A 28kg-tumour was removed from a woman in Germany. The woman was previously diagnosed as merely obese.
Here are five things you need to know about tumours and the German woman's condition:
1. A tumour (also spelled as tumor) is used as a general term for abnormal growth in the body - a group of cells that came together where they shouldn't be present.
2. The presence of a tumour does not always indicate cancer. A tumour can be classified by development level: benign, pre-malignant, or malignant. It can also be free of any cancer-related possibility. In contrast, cancer denotes the presence of malignant tumour.
3. Irmtraud Eichler, 60, had a tumour attached to one of her ovaries. The first doctor she saw only diagnosed her as obese and gave her anti-obesity medicine.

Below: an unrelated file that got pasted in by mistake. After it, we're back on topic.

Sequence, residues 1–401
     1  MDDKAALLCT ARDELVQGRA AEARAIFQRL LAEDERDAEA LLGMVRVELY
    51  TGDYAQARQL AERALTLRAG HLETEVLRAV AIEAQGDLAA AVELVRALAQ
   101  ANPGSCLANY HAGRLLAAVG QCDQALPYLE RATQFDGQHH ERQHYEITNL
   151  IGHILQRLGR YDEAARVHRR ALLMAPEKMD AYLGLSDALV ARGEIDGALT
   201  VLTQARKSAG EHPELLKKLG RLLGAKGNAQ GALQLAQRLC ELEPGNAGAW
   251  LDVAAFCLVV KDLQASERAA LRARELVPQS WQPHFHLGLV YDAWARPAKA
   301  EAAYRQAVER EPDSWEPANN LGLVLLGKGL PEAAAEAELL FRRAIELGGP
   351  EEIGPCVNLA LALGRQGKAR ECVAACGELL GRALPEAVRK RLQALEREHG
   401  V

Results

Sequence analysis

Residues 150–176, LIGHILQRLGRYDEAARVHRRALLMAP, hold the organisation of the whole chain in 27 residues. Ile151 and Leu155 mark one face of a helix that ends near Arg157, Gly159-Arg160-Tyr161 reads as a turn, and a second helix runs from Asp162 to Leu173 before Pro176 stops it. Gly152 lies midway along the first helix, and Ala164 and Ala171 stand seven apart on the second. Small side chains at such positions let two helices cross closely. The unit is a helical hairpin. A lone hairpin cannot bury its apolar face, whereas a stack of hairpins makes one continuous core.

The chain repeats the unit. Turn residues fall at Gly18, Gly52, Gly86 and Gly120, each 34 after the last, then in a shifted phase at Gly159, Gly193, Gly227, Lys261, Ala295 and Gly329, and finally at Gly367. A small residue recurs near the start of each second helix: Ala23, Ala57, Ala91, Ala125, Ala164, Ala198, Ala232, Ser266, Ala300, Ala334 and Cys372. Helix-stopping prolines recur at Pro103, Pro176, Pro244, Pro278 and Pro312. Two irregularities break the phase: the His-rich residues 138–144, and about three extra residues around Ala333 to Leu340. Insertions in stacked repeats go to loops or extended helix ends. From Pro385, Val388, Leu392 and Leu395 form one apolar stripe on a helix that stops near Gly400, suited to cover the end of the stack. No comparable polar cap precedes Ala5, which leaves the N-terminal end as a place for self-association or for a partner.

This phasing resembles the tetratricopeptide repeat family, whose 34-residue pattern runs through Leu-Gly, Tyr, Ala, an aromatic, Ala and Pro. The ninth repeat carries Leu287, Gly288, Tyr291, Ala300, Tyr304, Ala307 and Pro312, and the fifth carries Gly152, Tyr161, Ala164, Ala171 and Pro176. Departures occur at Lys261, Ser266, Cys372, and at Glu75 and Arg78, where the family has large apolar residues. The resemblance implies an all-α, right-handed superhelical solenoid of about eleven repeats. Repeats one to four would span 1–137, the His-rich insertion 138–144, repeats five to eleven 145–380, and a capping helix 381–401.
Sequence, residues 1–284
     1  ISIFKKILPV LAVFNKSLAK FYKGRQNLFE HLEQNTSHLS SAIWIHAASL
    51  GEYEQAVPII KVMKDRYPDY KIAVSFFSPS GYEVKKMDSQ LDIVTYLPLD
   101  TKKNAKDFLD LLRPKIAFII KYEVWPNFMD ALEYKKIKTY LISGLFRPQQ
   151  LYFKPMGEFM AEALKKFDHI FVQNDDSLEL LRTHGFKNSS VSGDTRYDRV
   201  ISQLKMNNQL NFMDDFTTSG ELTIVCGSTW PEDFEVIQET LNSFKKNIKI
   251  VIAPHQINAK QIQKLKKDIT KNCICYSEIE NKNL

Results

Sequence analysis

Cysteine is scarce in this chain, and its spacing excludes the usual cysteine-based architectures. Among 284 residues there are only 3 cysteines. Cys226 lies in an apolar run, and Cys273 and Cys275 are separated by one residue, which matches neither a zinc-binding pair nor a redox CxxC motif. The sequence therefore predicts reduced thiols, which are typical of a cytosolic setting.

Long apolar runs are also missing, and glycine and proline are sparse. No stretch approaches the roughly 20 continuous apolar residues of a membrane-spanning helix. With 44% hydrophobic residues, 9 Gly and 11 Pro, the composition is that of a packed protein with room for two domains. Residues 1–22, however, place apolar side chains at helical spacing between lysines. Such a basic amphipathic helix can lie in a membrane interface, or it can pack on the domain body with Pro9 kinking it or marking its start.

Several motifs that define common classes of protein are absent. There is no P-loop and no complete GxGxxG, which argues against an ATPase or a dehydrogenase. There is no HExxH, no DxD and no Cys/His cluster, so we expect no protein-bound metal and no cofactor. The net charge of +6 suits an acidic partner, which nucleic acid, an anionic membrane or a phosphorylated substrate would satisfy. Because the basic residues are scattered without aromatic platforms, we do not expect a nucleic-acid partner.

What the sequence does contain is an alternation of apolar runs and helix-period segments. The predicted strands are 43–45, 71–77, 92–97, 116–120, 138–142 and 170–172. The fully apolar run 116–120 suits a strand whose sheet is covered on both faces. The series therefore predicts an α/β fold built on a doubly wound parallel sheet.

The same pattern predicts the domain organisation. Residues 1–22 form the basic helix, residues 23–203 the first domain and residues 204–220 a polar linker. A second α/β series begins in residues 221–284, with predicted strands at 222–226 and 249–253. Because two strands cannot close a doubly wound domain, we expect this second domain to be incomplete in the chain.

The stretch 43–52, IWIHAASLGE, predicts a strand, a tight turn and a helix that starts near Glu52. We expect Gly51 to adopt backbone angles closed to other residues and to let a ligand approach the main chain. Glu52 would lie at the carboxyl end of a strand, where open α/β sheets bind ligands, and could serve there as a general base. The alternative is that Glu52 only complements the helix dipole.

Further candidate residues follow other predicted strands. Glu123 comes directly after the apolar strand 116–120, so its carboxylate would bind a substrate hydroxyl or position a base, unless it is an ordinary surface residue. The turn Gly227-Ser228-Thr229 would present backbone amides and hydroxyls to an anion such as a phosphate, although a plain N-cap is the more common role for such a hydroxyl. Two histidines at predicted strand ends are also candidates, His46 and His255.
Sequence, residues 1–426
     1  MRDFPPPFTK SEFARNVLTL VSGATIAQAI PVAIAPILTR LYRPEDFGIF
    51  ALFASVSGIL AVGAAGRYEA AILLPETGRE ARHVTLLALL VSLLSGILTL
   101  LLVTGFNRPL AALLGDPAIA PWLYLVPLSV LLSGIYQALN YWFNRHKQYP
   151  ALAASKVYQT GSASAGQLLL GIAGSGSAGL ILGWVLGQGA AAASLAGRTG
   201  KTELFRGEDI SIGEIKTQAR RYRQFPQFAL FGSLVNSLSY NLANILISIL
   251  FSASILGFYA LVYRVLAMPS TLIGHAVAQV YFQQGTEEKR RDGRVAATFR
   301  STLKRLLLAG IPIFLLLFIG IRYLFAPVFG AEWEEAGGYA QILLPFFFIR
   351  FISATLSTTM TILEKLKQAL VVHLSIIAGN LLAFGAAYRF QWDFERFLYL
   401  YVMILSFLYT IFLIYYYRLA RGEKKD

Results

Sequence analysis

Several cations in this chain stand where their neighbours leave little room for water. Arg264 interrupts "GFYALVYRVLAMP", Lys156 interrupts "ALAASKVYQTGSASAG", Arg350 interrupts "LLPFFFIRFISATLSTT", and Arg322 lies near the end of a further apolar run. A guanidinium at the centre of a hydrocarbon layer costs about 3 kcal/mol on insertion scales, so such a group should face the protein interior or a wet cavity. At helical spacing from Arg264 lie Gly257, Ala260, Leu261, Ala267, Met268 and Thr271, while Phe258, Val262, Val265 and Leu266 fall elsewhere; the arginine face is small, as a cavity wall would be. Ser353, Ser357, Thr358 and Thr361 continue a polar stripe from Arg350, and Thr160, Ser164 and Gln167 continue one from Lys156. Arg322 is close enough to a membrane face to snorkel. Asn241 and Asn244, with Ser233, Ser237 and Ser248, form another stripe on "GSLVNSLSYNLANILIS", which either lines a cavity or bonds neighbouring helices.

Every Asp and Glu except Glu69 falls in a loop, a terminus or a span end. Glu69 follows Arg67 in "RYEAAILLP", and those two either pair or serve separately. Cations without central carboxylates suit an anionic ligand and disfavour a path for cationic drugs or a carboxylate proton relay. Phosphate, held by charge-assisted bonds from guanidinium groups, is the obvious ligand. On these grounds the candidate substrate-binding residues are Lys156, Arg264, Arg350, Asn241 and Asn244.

4. Mrs Eichler's daughter was not convinced of the diagnosis because she noted her mother's weight gain had been abnormal, and ergo, alarming. They sought a second opinion, got an ultrasound scan, and the growing tumour (measured 60 centimetres by 50 centimetres) in the ovary was spotted.
5. Mrs Eichler had also lost her uterus, ovaries and thyroid in the process of removing the tumour. The surgery is called a hysterectomy.
Mrs Eichler weighed 40kg lighter after the successful surgery, Daily Mail reported.
Tumours growing in the ovaries or uterus are a matter of serious concern for women. If undetected, abnormal growth of cells could grow undetected up to a massive proportion. One of the worst things that could happen is a young woman could lose her uterus in the process of tumour removal.
Uterine myomectomy and hysterectomy are the two types of tumour removal surgeries in the reproductive system of women. The uterus is preserved in myomectomy.
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